County broaches subject of regional jail facility|[11/30/07]
Published 12:00 am Friday, November 30, 2007
Ideas continue to evolve about Warren County’s quest to figure out the best design and scope of a new jail, with participation in a regional facility as yet another alternative.
After some county officials went to Colorado for a U.S. Department of Justice seminar in August dealing with jail construction, they agreed to form a committee to meet with a consultant and visit recently built jails that resemble what Warren County needs.
Informally on Thursday, and with five jails and part of another up for state approval to operate in little more than a year, supervisors weighed the cost and benefits of a regional approach.
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It would house city, state and county inmates, effectively eliminating a city location due to the site size needed, estimated at 25 to 30 acres by supervisors.
“You’re talking about a lot of money in land acquisition costs,” District 1 Supervisor David McDonald said. “If we’re going to do something like that, we definitely need to get out” of the city.
Issaquena County already has a regional detention facility, the one most-often used by the City of Vicksburg at a cost of about $400,000 per year. In this year’s session, the Legislature rebuffed the idea of using Louisiana facilities for local overflow, although there is also a regional prison in Madison Parish.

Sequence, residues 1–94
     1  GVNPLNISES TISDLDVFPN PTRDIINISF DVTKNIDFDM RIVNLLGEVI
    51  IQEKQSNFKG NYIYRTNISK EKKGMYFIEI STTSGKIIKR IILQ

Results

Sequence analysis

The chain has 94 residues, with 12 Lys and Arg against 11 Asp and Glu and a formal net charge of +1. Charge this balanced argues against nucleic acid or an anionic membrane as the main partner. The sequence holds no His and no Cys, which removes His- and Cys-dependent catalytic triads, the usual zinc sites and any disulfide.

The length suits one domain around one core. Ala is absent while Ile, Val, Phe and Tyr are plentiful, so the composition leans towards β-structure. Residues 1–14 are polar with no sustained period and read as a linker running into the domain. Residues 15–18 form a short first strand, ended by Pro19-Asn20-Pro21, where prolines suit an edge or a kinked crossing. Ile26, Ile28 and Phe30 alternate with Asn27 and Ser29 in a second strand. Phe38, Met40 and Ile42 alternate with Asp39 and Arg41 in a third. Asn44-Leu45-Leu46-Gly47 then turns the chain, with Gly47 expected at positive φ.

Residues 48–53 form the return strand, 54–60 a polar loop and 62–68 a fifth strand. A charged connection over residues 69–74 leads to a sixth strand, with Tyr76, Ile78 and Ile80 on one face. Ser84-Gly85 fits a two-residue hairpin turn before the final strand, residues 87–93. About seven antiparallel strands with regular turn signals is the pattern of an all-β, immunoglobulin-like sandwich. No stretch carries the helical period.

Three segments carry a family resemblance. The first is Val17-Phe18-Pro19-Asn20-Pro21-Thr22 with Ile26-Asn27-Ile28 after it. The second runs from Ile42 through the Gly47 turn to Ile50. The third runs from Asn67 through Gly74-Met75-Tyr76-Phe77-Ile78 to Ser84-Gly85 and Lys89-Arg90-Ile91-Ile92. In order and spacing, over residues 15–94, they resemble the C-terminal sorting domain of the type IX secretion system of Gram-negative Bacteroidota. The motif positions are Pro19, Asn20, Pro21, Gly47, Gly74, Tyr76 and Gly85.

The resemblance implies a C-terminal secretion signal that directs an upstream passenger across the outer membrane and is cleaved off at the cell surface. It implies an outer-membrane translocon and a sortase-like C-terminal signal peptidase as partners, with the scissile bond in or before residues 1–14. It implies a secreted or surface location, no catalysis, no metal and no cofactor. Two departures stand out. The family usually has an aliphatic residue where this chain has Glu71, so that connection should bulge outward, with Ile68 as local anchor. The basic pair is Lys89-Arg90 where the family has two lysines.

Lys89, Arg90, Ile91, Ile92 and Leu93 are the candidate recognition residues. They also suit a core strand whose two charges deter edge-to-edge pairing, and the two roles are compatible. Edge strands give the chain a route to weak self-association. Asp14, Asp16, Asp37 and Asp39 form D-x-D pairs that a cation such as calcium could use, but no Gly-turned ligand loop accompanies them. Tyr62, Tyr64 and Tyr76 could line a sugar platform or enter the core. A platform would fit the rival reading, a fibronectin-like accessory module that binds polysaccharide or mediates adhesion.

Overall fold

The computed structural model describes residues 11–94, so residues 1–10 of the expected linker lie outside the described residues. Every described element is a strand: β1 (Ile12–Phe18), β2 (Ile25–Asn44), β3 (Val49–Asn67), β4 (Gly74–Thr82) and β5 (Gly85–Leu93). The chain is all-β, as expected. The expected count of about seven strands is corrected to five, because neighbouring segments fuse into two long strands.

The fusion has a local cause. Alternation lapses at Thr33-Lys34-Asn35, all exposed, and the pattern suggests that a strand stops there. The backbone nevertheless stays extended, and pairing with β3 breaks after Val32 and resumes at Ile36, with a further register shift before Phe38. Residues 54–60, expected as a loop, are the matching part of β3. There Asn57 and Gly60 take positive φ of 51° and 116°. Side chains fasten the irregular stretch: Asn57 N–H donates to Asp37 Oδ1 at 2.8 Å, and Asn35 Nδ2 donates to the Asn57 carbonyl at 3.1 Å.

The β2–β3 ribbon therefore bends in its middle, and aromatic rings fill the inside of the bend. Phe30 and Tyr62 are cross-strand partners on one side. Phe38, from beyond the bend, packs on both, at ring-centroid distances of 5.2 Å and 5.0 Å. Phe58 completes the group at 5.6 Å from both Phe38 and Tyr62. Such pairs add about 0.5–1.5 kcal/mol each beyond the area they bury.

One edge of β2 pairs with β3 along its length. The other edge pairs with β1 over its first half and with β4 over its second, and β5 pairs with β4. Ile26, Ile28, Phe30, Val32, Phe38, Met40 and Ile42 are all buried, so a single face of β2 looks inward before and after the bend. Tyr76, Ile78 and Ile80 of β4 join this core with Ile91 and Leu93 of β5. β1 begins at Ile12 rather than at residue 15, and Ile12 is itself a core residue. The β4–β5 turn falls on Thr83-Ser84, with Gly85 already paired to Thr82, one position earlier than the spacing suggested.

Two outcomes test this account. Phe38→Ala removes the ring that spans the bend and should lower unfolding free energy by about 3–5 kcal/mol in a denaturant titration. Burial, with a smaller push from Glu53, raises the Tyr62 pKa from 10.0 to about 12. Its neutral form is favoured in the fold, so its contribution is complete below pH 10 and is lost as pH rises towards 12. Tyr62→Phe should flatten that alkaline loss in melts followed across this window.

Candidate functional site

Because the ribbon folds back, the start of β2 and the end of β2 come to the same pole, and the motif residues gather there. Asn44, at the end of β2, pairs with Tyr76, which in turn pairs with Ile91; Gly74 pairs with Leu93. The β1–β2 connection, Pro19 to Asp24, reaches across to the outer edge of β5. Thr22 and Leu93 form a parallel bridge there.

Although costs of ferrying inmates back and forth to courts would rise if the existing site on Grove Street is abandoned, technology could have a role. Arraignments and other pretrial matters could be conducted by videoconference in newer jails, an amenity that could cut transportation costs but add operating costs in other areas.
District 5 Supervisor Richard George indicated more planning is needed. “We don’t want to buy a site before we know what we’re going to put on it,” he said.
Warren County’s jail is full continually, its 128 beds holding only pretrial detainees.
Along with using other governments as “customers” for a new jail, collecting fines might be improved. George characterized the current situation as “a nightmare” because courts can impose cash penalties, but without jail as an alternative for nonpayment, collections lag.
“We could collect this if we had a place to put them,” County Administrator John Smith said.
In Mississippi, regional jails must receive approval from the Legislature. Construction is overseen by the Mississippi Department of Corrections.
Projected costs of regional jails in Hinds, Chickasaw, Washington and Yazoo counties could reach $55 million, state corrections officials have said. Together, they would add more than 1,500 beds to the state’s jail space.
In Kemper County, 75 beds will be added to supplement an existing regional jail there for the purpose of housing female state prisoners.
Sheriff Martin Pace has said overcrowding now prevents Warren County Jail to house women, adding to an antiquated layout keeping guards from having a constant watch of prisoners.
Financing of a new jail in Warren County is likeliest through a bond issue. Since the seminar, however, no cost has been estimated and no financial plans or timetables have been set, but the Department of Justice says the average planning and construction time for a new jail is three to five years.